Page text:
First, the critics blame the CFA Franc as a primary reason for the economic dependency of Africa over the French treasury. The currency is often dubbed the colonial currency used in 14 francophone African counties and has been in the region since the 1940s. It is pegged with the Euro and is financially backed by the French economy. French authorities argue that the currency ensures a degree of financial stability and helps in regulating inflation. Whereas it is widely held among many that Africa can attain financial independence by ridding with the currency as the continent contribute a lot more than what they receive in aides from France.

Second, most Africans see the current French interventions as neo-colonial and accuse France of exerting dominance by violating their internal sovereignty. According to many African historians, France has tactfully consolidated their influence by supporting and strengthening the positions of elites in its former colonies. Some argue that the French replaced the parliamentary form of governance with presidential systems as an exertion of influence is considerably easier in the latter.  

Third, unlike his predecessors, Macron’s accession brought high hopes for many Africans. He was openly critical of France’s Africa policy, and has also expressed his willingness to do away with CFA franc. Yet, relations between Bamako and Paris have hit a serious low. Macron has failed to remove the French influence as he pledged during his campaigns. Finally,  like most parts of the third world, Africa is intensely dependent on foreign aid. Africa alone is the prime exporter of various minerals to the rest of the world, but the continent has the highest rates of poverty, underdevelopment, crime and so on. Critiques of Franc Afrique often accuses the west of depriving the African population of the profits of their resources and creating a state of financial dependence. Countries like Burkina Faso and the Central African Republic are prime victims of such western trends.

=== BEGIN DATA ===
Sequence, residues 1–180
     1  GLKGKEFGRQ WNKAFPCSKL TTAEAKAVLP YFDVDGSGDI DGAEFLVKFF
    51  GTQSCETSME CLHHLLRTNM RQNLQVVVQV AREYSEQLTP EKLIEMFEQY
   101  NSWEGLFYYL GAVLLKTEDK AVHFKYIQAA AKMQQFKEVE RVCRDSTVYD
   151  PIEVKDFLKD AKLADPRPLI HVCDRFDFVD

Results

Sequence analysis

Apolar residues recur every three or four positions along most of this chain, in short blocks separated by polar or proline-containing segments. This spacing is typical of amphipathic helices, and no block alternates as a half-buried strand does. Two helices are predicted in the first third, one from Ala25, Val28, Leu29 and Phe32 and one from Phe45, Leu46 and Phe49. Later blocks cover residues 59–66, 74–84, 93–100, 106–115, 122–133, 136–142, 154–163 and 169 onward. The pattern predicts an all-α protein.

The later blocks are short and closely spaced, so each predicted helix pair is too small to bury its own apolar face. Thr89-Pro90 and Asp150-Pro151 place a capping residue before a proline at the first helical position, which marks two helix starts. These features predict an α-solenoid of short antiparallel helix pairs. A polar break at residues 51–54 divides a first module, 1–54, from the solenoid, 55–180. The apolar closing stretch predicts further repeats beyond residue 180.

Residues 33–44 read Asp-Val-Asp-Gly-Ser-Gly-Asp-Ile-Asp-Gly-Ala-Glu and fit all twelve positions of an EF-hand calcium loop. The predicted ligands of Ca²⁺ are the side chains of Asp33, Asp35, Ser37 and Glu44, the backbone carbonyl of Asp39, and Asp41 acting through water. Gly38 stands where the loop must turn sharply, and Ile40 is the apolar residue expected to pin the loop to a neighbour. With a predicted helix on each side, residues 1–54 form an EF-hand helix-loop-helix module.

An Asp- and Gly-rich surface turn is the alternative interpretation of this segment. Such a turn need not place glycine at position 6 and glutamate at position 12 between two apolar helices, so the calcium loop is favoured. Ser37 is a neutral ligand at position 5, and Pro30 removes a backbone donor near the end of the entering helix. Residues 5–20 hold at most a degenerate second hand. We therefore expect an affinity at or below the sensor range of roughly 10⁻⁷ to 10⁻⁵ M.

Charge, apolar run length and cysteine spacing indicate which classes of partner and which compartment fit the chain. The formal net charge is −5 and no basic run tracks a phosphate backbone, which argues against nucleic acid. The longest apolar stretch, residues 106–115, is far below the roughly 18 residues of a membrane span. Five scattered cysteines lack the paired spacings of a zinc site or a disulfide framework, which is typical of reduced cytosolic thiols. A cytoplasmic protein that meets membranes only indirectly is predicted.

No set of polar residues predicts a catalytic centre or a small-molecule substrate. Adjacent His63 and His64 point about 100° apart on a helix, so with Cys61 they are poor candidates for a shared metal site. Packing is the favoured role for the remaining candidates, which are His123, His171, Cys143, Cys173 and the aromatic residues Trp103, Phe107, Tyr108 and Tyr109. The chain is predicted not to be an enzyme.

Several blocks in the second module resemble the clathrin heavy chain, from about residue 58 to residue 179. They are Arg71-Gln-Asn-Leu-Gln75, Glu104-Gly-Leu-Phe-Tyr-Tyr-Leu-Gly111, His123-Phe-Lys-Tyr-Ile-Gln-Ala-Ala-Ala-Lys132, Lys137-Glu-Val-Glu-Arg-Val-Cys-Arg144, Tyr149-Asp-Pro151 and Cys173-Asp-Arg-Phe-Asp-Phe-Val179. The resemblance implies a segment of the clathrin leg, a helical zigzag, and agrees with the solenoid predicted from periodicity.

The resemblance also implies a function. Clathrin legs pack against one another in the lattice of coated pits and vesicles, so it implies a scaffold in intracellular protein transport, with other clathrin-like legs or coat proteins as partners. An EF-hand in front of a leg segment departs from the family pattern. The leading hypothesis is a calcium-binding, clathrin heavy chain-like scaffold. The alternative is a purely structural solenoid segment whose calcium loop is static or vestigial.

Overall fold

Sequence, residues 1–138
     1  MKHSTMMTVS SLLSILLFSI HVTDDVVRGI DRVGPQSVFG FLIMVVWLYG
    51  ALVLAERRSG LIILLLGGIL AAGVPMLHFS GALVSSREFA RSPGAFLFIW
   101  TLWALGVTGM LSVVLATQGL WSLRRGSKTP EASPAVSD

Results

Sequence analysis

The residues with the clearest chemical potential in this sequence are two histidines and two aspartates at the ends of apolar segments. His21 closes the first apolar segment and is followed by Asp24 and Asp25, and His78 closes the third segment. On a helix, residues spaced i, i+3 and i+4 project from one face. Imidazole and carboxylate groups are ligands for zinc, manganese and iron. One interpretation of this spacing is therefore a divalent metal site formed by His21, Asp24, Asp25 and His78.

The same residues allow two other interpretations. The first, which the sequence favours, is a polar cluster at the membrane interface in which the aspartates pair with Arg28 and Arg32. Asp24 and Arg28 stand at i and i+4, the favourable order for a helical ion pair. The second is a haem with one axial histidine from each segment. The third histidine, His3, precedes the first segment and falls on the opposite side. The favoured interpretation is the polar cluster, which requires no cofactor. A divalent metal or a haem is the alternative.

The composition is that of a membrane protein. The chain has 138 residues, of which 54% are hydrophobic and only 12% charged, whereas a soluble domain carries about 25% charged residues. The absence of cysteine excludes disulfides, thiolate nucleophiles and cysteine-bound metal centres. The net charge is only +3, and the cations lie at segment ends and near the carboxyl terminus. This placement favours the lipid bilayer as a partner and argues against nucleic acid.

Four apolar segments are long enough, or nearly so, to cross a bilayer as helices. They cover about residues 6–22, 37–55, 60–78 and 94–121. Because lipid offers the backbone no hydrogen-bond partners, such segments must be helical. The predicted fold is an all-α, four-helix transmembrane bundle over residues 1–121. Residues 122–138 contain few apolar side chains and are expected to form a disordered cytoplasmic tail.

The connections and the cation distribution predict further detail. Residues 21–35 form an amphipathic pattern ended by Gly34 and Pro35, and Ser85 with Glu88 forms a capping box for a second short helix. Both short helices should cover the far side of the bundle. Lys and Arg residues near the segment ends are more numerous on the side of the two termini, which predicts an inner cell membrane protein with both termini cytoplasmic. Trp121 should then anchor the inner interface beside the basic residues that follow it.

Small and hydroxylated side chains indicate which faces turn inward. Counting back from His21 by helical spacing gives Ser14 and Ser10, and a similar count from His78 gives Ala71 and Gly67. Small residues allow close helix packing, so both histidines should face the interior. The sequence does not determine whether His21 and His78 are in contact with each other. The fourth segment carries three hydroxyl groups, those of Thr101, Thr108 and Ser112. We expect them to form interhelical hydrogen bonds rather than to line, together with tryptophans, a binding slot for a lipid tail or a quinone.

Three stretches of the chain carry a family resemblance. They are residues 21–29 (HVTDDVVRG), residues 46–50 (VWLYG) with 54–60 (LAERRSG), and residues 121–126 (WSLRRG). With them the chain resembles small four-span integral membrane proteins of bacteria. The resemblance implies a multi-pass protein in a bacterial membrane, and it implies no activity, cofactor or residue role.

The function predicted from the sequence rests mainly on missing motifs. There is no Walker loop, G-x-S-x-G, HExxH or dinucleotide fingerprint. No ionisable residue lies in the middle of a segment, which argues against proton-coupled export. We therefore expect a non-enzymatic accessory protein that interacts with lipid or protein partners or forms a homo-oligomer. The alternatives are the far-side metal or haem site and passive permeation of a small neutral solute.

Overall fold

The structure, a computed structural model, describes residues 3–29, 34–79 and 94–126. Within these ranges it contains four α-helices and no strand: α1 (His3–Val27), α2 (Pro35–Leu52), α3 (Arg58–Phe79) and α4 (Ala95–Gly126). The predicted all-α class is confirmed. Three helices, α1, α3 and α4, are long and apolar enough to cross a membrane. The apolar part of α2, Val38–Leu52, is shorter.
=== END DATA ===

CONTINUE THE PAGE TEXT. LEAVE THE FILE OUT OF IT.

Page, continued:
To conclude, relations between France and Mali has turned increasingly acrimonious and both countries are drifting away. There have been anti-French slogans, waving Russian flags and Macron’s effigies being burnt. The present wave of anti-French sentiments has signs of spill-over with similar popular movements in neighbouring Burkina Faso and Niger. 

If France is undergoing a decline in the Sahel, it can create a vacuum in the region; this is likely to be filled by Russia and China. Such shifts in power dynamics can create further instability in Africa.